Category: Health & Fitness | Issue: November 2020
Is it too late? Solutions for Back Pain Kyphoplasty Case Study In 2004, Marvet's life was dramatically changed after a life altering auto accident. She suffered from multiple broken vertebrae, broken neck, shattered left forearm and head lacerations. Marvet was used to living a highly social lifestyle; working in a busy office, taking care of family and friends, exercising and enjoying life. Later, as her life progressed, her life came to an altering halt. The pain she was experiencing progressed too; and her problems were exacerbated by osteoporosis. She had surgeries. Prescriptions and pain medicines worked less and less. Doctors and specialists were out of ideas on how to help her other than by using pain medications. By 2014, Marvet, described herself as going into a hole. At this point she was wearing a back brace full-time; she mostly consigned herself to stay home. "Walking across a room was excruciating. I gained weight and was fully depressed," said Marvet. "The last straw was when she took a fall." In more severe pain than ever, she said, "I tried my best to find self-help and discontinued all pain medications." January, 2015, Marvet's husband heard about Dr. Webb's osteoporosis treatments while listening to the radio. "We called Dr. Webb's office for an appointment. He immediately sent me for an MRI, checked my bone density, and calcium. My diagnosis was 7 fractures. My treatment began two weeks later. It was so nice to be treated so well. I finally had people around me who understood what I was going through and helped me. My pain relief from my fractures came within about two weeks after beginning my kyphoplasty and osteoporosis treatments. The treatments are done in stages over a period of time. It has been worth it to drive an hour to see Dr. Webb." Why Marvet like Dr. Webb: "I trust him. He and his staff treat me with great respect and dignity. I have found more help here than any other place over the years of suffering." What is Kyphoplasty? Kyphoplasty is a minimally invasive procedure that quickly repairs vertebral compression fractures (VCF) and restores structural integrity to broken vertebral bone. Kyphoplasty is an outpatient procedure that uses a cavity creation device (usually a balloon) to create a space in the broken vertebra which is then filled with a special bone cement to stabilize the fracture and reduce pain. How does Kyphoplasty help? The goal of kyphoplasty is to restore the broken vertebra to a more normal height and to fix the pain caused by the fracture. When a vertebral fracture occurs, it most commonly presents as an acute worsening of chronic lower back pain. Many times the patient's chronic back pain is getting worse, but it's actually due to a recent fracture. Many of our patients experience immediate pain relief following kyphoplasty. It can help relieve pain by stabilizing the fracture. Improved mobility results because of decreased pain levels. Dr. Webb - Kyphoplasty Expert When it comes to kyphoplasty, Dr. Webb is one of the most experienced physicians in the US. Dr. Webb has performed thousands of kyphoplasty procedures and has the experience necessary to safely perform kyphoplasty. In fact, he also teaches other physicians how to safely and effectively perform the procedure. Here are a few facts about Dr. Webb's kyphoplasty expertise: • He performed over 120 kyphoplasties during his training (fellowship). • Was one of the first physicians to perform kyphoplasty in Oklahoma. • Was a principal investigator in the EVOLVE trial, the largest ever on-label study of kyphoplasty in Medicare patients with vertebral fractures with 350 patients enrolled over 24 sites across the US. • The first in Oklahoma and one of a few in the nation to establish a full-service outpatient clinic focused on medically treating the underlying causes of osteoporosis in patients with VCF. • The highest level of experience in the Tulsa area with 300-400 fractures treated per year. • Continues efforts to refine vertebral fracture treatment, consulting for numerous medical device companies and teaching other physicians how to perform this life-saving procedure. Dr. James Webb and Associates 'We've Got Your Back'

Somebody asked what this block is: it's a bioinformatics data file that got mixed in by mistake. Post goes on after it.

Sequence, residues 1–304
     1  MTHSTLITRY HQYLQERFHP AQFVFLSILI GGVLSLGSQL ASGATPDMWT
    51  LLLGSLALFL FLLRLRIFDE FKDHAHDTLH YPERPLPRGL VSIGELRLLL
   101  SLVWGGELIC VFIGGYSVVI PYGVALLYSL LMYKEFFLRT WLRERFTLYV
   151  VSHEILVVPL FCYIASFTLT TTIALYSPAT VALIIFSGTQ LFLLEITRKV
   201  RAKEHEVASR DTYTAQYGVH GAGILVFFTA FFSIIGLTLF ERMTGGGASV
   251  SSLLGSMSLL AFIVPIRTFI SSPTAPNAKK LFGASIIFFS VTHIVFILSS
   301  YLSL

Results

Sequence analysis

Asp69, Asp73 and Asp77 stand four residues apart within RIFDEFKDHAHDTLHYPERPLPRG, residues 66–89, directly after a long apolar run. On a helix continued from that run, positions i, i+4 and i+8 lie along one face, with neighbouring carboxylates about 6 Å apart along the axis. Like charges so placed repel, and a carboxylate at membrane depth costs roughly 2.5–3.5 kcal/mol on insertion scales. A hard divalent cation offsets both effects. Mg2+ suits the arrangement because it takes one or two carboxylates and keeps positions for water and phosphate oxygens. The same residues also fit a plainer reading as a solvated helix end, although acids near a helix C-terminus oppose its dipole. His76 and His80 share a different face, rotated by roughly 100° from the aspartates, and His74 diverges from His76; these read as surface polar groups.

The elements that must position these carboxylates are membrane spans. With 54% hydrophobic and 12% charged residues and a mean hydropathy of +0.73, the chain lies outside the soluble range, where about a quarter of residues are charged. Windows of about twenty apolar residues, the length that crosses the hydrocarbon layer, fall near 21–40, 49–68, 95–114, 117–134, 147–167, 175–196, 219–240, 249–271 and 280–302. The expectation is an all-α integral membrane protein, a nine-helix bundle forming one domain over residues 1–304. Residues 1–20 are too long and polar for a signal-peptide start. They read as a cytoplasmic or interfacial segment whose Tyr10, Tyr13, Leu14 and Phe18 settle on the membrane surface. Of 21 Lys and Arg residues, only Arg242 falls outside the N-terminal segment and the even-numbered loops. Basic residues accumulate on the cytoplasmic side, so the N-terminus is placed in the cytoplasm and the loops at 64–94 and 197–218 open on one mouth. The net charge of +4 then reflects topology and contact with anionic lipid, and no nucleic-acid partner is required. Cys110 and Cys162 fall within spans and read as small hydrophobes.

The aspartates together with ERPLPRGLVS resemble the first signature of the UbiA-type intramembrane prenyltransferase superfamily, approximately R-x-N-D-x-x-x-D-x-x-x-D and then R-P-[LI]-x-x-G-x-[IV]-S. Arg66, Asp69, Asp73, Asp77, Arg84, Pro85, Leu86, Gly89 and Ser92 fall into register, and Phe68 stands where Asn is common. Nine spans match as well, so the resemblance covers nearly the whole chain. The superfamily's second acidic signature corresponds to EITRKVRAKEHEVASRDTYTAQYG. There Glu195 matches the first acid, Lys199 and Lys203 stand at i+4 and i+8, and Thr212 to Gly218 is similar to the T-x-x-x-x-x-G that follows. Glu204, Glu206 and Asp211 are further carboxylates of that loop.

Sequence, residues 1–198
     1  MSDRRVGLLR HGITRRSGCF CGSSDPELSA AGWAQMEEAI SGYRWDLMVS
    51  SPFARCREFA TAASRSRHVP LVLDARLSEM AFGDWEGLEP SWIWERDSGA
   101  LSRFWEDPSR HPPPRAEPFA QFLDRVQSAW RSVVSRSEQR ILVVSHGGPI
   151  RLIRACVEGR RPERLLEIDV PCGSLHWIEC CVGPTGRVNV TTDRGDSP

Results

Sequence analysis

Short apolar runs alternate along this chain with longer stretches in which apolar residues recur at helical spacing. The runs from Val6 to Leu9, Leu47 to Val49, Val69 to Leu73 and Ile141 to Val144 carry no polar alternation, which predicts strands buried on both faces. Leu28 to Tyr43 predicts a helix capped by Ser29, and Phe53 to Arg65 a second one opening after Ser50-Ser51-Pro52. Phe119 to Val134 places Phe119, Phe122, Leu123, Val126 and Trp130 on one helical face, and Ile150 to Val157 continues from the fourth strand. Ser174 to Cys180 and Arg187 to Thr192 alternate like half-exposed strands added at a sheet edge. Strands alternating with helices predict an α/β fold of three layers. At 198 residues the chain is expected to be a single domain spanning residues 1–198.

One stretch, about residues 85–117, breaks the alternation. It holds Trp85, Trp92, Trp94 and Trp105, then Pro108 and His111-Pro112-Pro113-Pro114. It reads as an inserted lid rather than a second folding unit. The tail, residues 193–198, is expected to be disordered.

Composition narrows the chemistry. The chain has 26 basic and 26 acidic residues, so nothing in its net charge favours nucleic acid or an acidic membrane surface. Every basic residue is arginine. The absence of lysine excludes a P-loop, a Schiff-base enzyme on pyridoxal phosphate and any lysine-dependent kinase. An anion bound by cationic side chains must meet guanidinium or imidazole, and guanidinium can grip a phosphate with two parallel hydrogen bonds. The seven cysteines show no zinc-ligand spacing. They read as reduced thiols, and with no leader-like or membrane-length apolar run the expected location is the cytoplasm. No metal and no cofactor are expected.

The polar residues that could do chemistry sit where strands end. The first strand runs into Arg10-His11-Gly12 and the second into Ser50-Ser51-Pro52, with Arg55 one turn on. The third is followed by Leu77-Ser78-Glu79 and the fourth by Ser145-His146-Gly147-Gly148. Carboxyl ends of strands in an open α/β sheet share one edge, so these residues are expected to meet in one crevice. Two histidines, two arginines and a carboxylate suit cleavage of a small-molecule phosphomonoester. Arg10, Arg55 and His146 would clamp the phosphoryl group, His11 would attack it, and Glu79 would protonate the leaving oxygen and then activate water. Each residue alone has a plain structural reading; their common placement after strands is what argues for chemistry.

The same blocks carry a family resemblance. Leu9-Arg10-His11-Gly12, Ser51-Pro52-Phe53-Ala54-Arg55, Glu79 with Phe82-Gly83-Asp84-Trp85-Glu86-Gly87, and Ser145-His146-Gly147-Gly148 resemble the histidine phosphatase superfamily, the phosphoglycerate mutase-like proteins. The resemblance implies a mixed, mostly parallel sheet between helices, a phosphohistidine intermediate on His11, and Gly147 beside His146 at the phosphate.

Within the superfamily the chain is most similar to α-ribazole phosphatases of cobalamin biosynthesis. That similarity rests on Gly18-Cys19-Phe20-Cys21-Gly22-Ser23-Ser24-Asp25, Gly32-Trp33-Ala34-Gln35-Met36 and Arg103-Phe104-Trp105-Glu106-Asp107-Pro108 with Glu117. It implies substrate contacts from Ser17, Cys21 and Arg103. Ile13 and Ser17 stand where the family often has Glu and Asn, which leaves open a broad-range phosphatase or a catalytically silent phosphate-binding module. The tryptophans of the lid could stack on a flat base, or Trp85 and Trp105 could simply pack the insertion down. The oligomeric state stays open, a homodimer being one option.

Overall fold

Dr. James Webb, M.D. Dr. James Webb is a musculoskeletal radiologist who specializes in osteoporosis treatment and interventional pain management in Tulsa, Oklahoma. Dr. Webb started his practice as a clinical radiologist to fill a gap for osteoporosis patients who suffered from vertebral compression fractures. As a fellow at the University of Oklahoma, he was trained to perform kyphoplasty, a safe and effective procedure to fix pain from symptomatic vertebral fractures. After seeing a near perfect success rate in bone repair and pain reduction with this procedure, he quickly saw a problem. Patients would get their fractures fixed, but the underlying causes for osteoporosis were not being treated. In 2006, Dr. Webb started what would be the first comprehensive clinic treating vertebral compression fractures and the underlying condition of osteoporosis that causes these fractures. Dr. James Webb & Associates is focused on pain intervention and supporting long-term bone health to reduce patients’ risk for getting fractures in the future. Dr. James Webb is a Board Certified Radiologist as well as a Clinical Instructor at the OU College of Medicine. Non-Surgical Pain Relief Our Unique Approach We do the best for our patients by following the basic principles that we were taught in medical school. Primarily, that the key to diagnosis is in the history and physical examination. The answer for the cause of a patient’s problem almost always lies in what the patient tells the doctor and what the doctor finds when the examine the patient’s body. By following these principles, we are often able to find the source of pain, even when others have not. After that, we employ a systematic approach based on the scientific method, identifying and treating individual components of the patient’s pain. Most spine specialists focus on the intervertebral disc, presuming that a torn, bulging or herniated disc is the main source of the patient’s symptoms. Too often, an MRI is treated as a perfect test. However, the accuracy of MRI–like any other test–is limited. While disk pathology is very common, just because a patient has a disk bulge or herniation, that doesn’t mean that’s what’s causing the pain. For example, in ‘normal’ patients with no back pain, studies have shown that about 50% will have a ‘significant abnormality’ on MRI. When it comes to spinal fractures, MRI isn’t any better. About half of moderate and severe vertebral compression fractures are missed on radiology reports (Hurxthal, 1968). While we may think that radiologists would be the best doctors to pick these fractures up, a study in 2006 (Casez et al) showed that general internists actually recognized more fractures than radiologists after a short training program. For the patients we see, the pain is usually caused by multiple problems that may include the facet joints, the vertebral bodies, posterior elements, sacroiliac joints, muscles and other soft tissues in addition to the disc. Since all of these structures are stacked in the spine like an accordion, they can all be affected when muscle spasm puts pressure on the back (a process known as “axial loading”). We don’t just treat the disc, we treat the patient after doing our best to determine the main source of the pain using our training and expertise. We believe that treating a patient should start with arriving at an accurate diagnosis. Since spinal pain is complex, this isn’t always possible. However, by analyzing all the available data from the history, the exam, imaging studies and synthesizing it into a cohesive, logical explanation for the patient’s problem, we can start a process of elimination. Once a rational diagnosis is made, treatment can begin. Many times, when a patient has back pain, the question is “does this patient need spine surgery?” What we try to do is get to the root cause of the patient’s pain and find out what is most likely wrong with them – not to focus whether or not they are a candidate for a particular procedure. Back pain is a leading cause of disability. Back surgery takes months to recover from, leaves a huge scar and metal in your back. While there are many patients who need and benefit from a surgeon’s procedure, try to help patients avoid surgery when we can. That comes from years of helping patients with pain who still had pain after back surgery and those who couldn’t have surgery because of age or other medical problems.